The Chinese come calling on T&T; should India raise its game?

Trinidad & Tobago

It’s been 18 years since Basdeo Panday became the first Trinidad and Tobago prime minister of Indian origin

The Chinese President’s first ever trip to Trinidad and Tobago is significant for all sorts of reasons, but perhaps mostly as a sign that India must raise its game in a country that affords it a natural advantage.

Consider this:

Bilateral trade between India and T&T in 2008-09 amounted to US$ 414.23 million while China was at $450 million last year.

Okay, so the Indian figure is not the most recent but it’s from the Indian High Commission’s website in Port of Spain. The High Commission rather vaguely predicts that “trade between the two countries could achieve the target of US $ 500 Millions soon…”

That’s not saying much and whatever it says is not particularly bullish.

Contrast this with Mr Xi’s busy round of activities in Port of Spain.  He signed a memorandum of understanding with Trinidadian Prime Minister Kamla Persad-Bissessar, the Brahmin whose great grandfather Ram Lakhan Mishra left Bhelupur village in Bihar for T&T in October 1889. “We both agree to actively advance co-operation in key areas of energy, minerals and infrastructure development and also to advance our co-operation in new energy, telecommunications and agriculture,” Mr Xi told the media afterwards.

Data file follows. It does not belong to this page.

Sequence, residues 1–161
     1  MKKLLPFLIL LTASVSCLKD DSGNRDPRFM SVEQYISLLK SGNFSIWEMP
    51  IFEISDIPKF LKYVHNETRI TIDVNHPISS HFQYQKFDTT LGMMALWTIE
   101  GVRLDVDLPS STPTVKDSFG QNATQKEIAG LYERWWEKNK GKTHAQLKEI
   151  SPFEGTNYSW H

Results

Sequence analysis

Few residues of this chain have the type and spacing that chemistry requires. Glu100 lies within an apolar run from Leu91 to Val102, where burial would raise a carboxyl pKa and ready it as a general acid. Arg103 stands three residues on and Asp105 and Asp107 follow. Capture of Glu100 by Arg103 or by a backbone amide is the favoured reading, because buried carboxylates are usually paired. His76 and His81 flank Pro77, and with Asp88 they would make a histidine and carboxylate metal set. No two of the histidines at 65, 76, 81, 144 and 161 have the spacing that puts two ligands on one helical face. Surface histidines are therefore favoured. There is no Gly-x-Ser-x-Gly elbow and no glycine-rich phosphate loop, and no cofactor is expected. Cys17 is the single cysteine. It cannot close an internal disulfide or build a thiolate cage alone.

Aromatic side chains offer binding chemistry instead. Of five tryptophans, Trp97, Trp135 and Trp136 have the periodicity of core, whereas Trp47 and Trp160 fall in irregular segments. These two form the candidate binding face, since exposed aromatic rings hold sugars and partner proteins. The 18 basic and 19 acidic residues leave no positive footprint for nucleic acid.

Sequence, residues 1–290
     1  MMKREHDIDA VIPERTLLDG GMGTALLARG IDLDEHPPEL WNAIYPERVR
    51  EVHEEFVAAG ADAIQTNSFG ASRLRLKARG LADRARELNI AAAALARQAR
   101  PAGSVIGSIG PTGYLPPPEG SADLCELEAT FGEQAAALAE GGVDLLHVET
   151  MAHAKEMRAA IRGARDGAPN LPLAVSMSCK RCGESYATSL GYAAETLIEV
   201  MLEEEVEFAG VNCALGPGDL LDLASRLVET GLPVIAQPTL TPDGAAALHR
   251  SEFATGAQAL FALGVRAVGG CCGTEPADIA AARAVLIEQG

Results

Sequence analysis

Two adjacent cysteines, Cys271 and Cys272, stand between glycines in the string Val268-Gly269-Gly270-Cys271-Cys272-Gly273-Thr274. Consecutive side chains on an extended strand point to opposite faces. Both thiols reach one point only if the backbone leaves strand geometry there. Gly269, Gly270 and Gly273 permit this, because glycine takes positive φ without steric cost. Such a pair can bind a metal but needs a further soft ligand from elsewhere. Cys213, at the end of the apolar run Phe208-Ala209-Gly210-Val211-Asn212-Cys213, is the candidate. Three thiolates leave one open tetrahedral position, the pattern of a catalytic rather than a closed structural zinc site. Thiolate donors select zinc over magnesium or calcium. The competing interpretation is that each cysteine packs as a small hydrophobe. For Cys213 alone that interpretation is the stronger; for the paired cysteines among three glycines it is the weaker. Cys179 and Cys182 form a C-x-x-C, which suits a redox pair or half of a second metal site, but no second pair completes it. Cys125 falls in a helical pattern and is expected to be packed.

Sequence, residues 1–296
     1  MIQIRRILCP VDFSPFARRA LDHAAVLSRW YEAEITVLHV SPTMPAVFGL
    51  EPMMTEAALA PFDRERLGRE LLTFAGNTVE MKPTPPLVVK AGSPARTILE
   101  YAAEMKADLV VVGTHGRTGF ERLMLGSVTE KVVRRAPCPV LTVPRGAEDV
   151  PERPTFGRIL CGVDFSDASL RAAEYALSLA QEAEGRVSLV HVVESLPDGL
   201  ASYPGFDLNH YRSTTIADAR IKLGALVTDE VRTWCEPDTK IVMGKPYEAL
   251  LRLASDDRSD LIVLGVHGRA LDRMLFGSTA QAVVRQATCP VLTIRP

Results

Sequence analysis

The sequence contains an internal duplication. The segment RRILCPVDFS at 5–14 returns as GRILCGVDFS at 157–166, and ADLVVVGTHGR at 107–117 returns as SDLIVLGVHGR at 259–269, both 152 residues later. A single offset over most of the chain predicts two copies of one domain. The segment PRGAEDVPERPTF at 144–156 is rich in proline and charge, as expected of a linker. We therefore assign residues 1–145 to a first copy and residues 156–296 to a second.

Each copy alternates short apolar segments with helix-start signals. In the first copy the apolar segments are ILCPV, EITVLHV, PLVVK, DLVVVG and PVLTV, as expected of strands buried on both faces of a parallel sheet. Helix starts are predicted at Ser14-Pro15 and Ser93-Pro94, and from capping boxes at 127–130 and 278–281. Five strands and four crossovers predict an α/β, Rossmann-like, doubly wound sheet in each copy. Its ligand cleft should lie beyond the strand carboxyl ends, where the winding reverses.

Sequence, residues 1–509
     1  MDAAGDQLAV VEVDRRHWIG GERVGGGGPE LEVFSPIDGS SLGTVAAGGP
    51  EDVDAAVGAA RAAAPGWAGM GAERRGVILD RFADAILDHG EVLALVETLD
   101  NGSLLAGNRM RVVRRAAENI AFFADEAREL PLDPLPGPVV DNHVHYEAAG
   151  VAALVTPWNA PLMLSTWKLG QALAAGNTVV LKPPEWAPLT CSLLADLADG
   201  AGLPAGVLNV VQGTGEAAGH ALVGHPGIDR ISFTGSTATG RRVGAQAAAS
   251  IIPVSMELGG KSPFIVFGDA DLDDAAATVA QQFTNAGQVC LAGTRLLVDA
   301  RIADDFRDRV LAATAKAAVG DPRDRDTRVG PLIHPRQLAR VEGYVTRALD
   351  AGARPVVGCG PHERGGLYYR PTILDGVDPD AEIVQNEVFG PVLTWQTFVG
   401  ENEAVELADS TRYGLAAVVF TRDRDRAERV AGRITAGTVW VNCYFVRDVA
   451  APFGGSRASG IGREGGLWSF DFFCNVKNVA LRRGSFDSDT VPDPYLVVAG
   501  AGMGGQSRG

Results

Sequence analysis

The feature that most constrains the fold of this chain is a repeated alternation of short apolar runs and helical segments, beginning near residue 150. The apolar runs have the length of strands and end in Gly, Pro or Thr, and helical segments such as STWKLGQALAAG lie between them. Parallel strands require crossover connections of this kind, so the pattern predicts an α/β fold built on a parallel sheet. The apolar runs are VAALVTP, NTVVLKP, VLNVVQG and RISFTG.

Mrs Persad-Bissessar symbolizes the natural strength of the Indian relationship with T&T. Genetically, the relationship could hardly be stronger – 35.4 per cent of its population is of Indian origin and the Prime Minister herself took note of this on a visit to Bhelupur in January 2012.  “Whatever I am today is because Bihar is in my DNA and whatever my ancestors taught me,” she said at the time.

But genetics does not presage economic relationships. These are forged for more flinty eyed reasons – of presumed profit, expectation and a cost-benefit analysis.

(Barely 3,000 of the twin islands’ population is of Chinese origin.) For China, Trinidad is a natural partner, after its emergence nine years ago as the Western Hemisphere’s leading supplier of liquefied natural gas. For Trinidad, China is, as Mrs Persad-Bissessar said ” a very key business partner and a potential new market for our energy products and for alternative energy research.”

The DNA of the market is very different from genetic linkages.